Apr 9, 2020

The Roth Laboratory Develops A Shareable DNA Resource To Accelerate SARS-CoV-2 Studies

Research Highlights

Shareable DNA resource developed by the group of Fritz Roth to accelerate SARS-CoV-2 studies

By Francesco Zangari

With the spread of SARS-CoV-2 (the virus that causes the COVID-19 respiratory disease) posing a global threat not seen since the 1918 influenza, scientists are quickly trying to understand its viral life cycle.

To this end, researchers across the world have mobilized their labs to enable rapid resource and information sharing across common repositories; working around the clock to understand the molecular pathways manipulated by SARS-CoV-2 and develop/identify therapeutics that can curtail the COVID-19 pandemic.

A team spearheaded by researchers from the Lunenfeld-Tanenbaum Research Institute (LTRI) at Sinai Health System and the University of Toronto has developed a collection of SARS-CoV-2 research tools that enable study of how the virus targets human cells and causes disease.

Dr. Fritz Roth, a senior scientist at the LTRI at Sinai Health System and Professor at the University of Toronto’s Donnelly Centre and Department of Molecular Genetics, is a senior author on the work, described in a non-peer-reviewed preprint to accelerate dissemination.

“Until effective vaccines and/or therapies emerge, we must explore all avenues”, Roth said. “To shed light more broadly, we need a fundamental understanding of the virus.”

His group generated a collection of DNA fragments that encode proteins made by SARS-CoV-2 in human cells, and is already distributing these essential reagents to researchers across the world directly and via the non-profit Addgene repository.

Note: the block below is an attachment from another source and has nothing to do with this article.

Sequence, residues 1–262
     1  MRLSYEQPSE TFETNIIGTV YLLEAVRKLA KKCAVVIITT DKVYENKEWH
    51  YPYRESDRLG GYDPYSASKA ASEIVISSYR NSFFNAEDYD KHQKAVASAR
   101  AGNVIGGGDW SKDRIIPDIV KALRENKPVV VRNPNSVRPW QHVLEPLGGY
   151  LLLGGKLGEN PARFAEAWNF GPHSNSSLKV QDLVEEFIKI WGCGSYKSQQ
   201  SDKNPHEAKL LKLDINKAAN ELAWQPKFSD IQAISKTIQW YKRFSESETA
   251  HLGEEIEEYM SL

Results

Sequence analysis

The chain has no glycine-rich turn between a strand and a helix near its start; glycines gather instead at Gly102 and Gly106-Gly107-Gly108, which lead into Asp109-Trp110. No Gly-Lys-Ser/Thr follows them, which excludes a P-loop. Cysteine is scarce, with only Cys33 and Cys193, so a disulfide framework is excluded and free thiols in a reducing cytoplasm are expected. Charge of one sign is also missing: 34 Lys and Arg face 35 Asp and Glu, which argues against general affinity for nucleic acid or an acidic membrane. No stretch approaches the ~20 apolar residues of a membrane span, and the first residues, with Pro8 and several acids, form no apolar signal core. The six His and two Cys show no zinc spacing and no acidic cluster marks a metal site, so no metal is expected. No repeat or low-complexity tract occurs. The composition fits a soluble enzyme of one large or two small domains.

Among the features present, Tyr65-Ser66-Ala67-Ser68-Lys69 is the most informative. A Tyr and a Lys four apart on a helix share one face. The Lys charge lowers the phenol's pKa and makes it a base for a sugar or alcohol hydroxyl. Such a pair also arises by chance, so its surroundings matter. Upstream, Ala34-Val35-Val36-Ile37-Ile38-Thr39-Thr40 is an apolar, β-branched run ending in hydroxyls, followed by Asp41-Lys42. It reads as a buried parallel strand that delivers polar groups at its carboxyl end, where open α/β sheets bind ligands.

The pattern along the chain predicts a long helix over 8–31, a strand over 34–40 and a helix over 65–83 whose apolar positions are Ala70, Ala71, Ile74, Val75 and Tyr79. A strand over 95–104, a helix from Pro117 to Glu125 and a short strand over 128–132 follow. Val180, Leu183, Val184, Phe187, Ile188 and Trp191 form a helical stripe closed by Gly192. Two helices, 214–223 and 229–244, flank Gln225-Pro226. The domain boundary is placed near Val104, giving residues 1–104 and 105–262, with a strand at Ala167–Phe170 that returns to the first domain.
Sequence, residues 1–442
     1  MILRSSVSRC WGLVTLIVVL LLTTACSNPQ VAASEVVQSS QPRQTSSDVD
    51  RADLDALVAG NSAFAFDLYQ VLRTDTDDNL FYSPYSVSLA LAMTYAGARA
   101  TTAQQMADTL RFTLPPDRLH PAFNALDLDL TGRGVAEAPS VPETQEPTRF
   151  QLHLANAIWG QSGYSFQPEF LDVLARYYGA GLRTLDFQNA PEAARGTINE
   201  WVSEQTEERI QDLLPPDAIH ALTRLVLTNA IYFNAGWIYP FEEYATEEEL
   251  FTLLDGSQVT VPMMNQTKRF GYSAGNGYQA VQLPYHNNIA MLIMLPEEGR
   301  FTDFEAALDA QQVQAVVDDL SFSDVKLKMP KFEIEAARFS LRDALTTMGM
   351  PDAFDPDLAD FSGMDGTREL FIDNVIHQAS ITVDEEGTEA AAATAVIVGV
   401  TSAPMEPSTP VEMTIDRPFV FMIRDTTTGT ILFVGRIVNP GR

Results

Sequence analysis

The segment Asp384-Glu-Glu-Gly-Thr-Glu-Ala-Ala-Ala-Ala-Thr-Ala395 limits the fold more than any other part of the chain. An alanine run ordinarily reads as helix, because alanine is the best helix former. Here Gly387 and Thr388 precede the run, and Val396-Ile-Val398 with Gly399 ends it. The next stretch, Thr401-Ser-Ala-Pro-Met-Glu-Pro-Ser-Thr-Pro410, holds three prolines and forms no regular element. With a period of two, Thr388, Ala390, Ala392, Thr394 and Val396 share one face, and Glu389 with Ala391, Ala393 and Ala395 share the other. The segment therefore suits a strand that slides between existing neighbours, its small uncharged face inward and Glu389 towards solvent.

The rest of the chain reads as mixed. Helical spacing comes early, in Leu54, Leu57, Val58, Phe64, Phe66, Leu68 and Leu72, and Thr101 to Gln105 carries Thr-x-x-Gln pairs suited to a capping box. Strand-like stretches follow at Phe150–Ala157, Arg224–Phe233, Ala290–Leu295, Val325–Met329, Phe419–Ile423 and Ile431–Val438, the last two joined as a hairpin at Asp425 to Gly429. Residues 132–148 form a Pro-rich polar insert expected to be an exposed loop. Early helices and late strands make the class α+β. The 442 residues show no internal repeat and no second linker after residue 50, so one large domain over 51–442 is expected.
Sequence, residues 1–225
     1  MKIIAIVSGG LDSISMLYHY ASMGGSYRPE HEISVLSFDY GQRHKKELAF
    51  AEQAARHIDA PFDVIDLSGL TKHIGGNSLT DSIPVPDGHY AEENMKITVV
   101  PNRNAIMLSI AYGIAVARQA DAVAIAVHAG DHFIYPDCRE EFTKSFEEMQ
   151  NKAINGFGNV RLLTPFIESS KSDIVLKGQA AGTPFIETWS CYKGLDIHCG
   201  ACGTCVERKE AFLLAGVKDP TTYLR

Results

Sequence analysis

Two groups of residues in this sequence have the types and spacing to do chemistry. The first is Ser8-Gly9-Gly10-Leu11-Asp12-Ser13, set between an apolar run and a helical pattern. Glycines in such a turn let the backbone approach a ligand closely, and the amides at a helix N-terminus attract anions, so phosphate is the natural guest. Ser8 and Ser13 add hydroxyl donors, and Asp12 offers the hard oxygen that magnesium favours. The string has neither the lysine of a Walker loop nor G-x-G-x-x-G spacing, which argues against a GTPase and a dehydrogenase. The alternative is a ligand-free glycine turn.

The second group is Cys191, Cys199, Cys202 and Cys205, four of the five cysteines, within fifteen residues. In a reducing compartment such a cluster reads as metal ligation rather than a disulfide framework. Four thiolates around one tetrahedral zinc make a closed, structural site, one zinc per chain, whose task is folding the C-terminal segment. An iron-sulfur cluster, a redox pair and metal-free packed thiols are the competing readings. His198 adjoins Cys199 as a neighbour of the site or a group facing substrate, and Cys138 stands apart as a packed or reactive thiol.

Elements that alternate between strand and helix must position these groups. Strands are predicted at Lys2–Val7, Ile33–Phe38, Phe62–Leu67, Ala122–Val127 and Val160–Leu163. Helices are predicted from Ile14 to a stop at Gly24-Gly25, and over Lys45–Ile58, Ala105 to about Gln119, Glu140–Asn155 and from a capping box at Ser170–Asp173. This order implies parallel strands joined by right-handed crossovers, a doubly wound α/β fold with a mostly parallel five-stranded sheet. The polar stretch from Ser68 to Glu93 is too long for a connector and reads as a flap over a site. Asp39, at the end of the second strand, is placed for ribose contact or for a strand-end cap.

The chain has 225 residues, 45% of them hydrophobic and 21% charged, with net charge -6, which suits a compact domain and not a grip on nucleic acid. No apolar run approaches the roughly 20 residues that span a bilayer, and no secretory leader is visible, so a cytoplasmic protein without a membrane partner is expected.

Roth highlights how these reagents will allow researchers to take a reductionist approach to understanding the individual functional units of the virus (proteins).

“To shed light more broadly, we need a fundamental understanding of the virus … Understanding the structure of SARS-CoV-2 proteins, how they fit together, and how they are bound by drugs and antibodies requires that we be able to express these proteins in various cell types.”

Roth further says they designed these resources to enable studying across various systems, improving efficiency and completeness of SARS-CoV-2 research.

Dae-Kyum Kim, a postdoctoral fellow who led the project, further highlights the ability and importance of being able to study the virus without the requirement of handling the infectious virus, which is a significant barrier in most research settings.

“Any lab can now study and see interactions between SARS-CoV-2 and human proteins without needing special facilities,” said Dae-Kyum Kim. “Additionally, this allows them to study this virus without the danger of any infection”.

Jennifer Knapp, a lab coordinator in Dr. Roth’s group, notes the importance of communication and teamwork to working effectively during these troubled times.

“It has been encouragingly easy to find help among lab members and among collaborators. Everyone is very eager to do what they can to help”, said Knapp. “This truly is an unprecedented time for everyone, but it’s refreshing to see how quickly everyone is responding and offering various resources to the community”.

These resources were also generated in collaboration with laboratories at University of Toronto-affiliated hospitals led by Drs. Brian Raught and Anne-Claude Gingras, and with Dr. Yves Jacob at the Pasteur Institute and others in France, further highlighting the importance of worldwide collaborations enabling SARS-CoV-2 research.

This work was supported by a Canadian Institutes of Health Research Foundation Grant, the Canada Excellence Research Chairs Program, the LabEx Integrative Biology of Emerging Infectious Diseases, the Natural Sciences and Engineering Research Council of Canada and by the National Research Foundation of Korea.